As we start the New Year and new school term, it is time to look forward to the legislative and compliance changes that will affect your school payroll and pension from April 2022.
Changes to statutory payment rates, pay increases and pension contributions all have an impact on school budgets.
So what are the main changes you should be aware of and factor into your financial planning?
LGPS Employer Pension Contributions
Pension Schemes tend to change their employer pension contributions from April each year. This can have a significant effect on schools budgets.
All maternity schedules will need to be amended to the newly increased SMP rates.
The first six weeks of Statutory Maternity Pay (SMP) and Statutory Adoption Pay (SAP) remain the same at 90% of the employee’s average weekly earnings (AWE).
The statutory weekly rate for all weeks after this will be the lower of 90% of AWE or £156.66. This is an increase from £151.97.
This new rate applies from 3 April 2022.
Although the majority of SMP is recoverable, this will increase the small percentage that the schools have to pay.
Historically Support Staff pay increases are implemented in April, although in recent years, we have seen them going through much later in the year and being backdated to April.
In fact, an agreement has still not been finalised on the pay increases for April 2021. The three main unions GMB, Unite and Unison, held consultation exercises with their members, which resulted in the majority who took part voting to reject the offer of 1.75%. So the next stage looks like it could be industrial action.
Whatever the outcome, the final agreed pay increase will need to be backdated to April 2021, and then another increase factored in from April 2022. This could have a significant impact on the school’s budget.
All Local Authority schools must apply the percentage increases, and the majority of academies also choose to honour this global increase.
Update 8 March 2022: Two of the main Unions, GMB and Unison, have now agreed proposed pay awards for support staff members effective from April 2021. The agreed uplift is 1.75%, with the exception of NJC01, which is subject to a 2.75% increase.
At Dataplan, we understand that many schools will prefer to apply the increase in March with back pay calculated and applied to April so this is something that we are working with our clients to provide should they wish.
Support staff Increments
In addition to the global percentage increase, the Support Staff Increments see most support staff receive an increase in scale point, further increasing the payroll costs.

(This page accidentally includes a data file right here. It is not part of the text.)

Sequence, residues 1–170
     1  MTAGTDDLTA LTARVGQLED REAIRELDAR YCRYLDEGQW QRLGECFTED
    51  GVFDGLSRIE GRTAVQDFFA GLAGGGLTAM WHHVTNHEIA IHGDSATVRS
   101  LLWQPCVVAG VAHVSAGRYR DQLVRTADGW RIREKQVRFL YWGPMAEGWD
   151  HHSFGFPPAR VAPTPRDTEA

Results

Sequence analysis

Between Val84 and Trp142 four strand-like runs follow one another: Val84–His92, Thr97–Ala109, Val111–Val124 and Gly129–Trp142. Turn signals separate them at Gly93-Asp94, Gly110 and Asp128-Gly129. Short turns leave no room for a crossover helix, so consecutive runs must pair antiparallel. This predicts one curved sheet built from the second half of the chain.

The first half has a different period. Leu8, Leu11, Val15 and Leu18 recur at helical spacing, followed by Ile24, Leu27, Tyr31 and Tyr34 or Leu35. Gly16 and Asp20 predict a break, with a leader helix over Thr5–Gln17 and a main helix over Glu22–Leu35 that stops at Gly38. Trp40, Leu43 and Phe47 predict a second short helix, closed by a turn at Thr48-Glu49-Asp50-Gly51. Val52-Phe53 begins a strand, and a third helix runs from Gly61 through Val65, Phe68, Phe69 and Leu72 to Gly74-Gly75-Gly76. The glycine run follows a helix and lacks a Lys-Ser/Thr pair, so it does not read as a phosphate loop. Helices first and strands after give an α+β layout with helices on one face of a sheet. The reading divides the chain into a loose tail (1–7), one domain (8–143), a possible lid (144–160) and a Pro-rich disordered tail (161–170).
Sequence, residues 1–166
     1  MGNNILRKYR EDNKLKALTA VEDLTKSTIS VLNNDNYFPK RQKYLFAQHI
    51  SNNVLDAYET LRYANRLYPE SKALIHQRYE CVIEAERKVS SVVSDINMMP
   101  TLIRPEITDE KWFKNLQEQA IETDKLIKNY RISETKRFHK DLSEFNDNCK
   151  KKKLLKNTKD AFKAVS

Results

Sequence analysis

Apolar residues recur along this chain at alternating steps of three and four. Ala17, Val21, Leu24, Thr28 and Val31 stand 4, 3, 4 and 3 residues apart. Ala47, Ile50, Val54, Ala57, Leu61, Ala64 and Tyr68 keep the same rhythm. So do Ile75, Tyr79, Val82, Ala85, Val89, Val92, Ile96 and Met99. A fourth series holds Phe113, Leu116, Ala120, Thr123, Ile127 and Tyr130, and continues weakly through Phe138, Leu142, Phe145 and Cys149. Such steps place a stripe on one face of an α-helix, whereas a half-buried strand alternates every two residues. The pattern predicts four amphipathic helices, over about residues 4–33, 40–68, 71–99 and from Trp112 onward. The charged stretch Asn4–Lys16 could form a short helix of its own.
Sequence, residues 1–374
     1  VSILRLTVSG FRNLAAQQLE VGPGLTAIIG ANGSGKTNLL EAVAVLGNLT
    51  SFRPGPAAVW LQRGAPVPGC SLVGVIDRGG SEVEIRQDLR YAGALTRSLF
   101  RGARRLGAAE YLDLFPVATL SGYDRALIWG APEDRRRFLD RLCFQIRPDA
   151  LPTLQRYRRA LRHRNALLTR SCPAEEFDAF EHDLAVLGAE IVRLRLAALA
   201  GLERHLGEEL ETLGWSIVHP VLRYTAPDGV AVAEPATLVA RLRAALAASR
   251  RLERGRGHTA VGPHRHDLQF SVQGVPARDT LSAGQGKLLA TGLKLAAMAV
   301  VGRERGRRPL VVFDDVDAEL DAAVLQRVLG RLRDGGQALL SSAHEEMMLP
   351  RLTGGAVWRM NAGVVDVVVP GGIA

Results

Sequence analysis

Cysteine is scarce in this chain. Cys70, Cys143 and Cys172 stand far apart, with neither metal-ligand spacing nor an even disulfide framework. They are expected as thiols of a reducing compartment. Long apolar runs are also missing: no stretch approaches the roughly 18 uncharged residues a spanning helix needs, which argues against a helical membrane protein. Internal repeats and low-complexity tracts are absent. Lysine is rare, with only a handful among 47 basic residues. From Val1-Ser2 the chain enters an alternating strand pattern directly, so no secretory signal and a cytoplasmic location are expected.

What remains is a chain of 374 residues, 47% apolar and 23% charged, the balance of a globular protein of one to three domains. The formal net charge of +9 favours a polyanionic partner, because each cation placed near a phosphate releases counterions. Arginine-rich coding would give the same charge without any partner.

Social Care Levy
The Health & Social Care Levy was announced in September 2021 and comes into effect from 6 April 2022. This levy aims to aid the country’s Health and Social care systems which have suffered a significant impact due to the Coronavirus pandemic.
This will affect both employees’ and employers’ contributions, so it will need to be factored into the school budget.
The NI rate for employers will increase by 1.25% to 15.05%. For employees, it will see their NIC rate increase to 13.25%
The levy will also apply to all workers above pension age but still working from April 2023. Currently, those employees who reach state retirement age and continue to work do not pay employees NIC.
The levy is due to be a three year ‘temporary’ measure, but time will tell if it becomes a permanent fixture.
Schools also need to be aware of any changes HMRC make which could affect their payroll outgoings.
Some of the fundamental changes from 6 April include:
Statutory Sick Pay £99.35 per week
Statutory Paternity Pay (SPP), Statutory Shared Parental Pay (ShPP) and Statutory Parental Bereavement Pay (SPBP) will all share the same weekly rate of £156.66 or 90% of average weekly earnings, whoever is lower.
Class 1 NI thresholds are increasing.
Whilst the New Year has just begun, the new tax year is just around the corner. As we have outlined, there are some crucial changes hanging in the balance that will impact school budgets. It is essential to consider these factors now to ensure that you are not caught out.
In particular, the delayed confirmation of pay increases could have a knock-on effect, so considering the changes that we are aware of and being prepared could help mitigate this.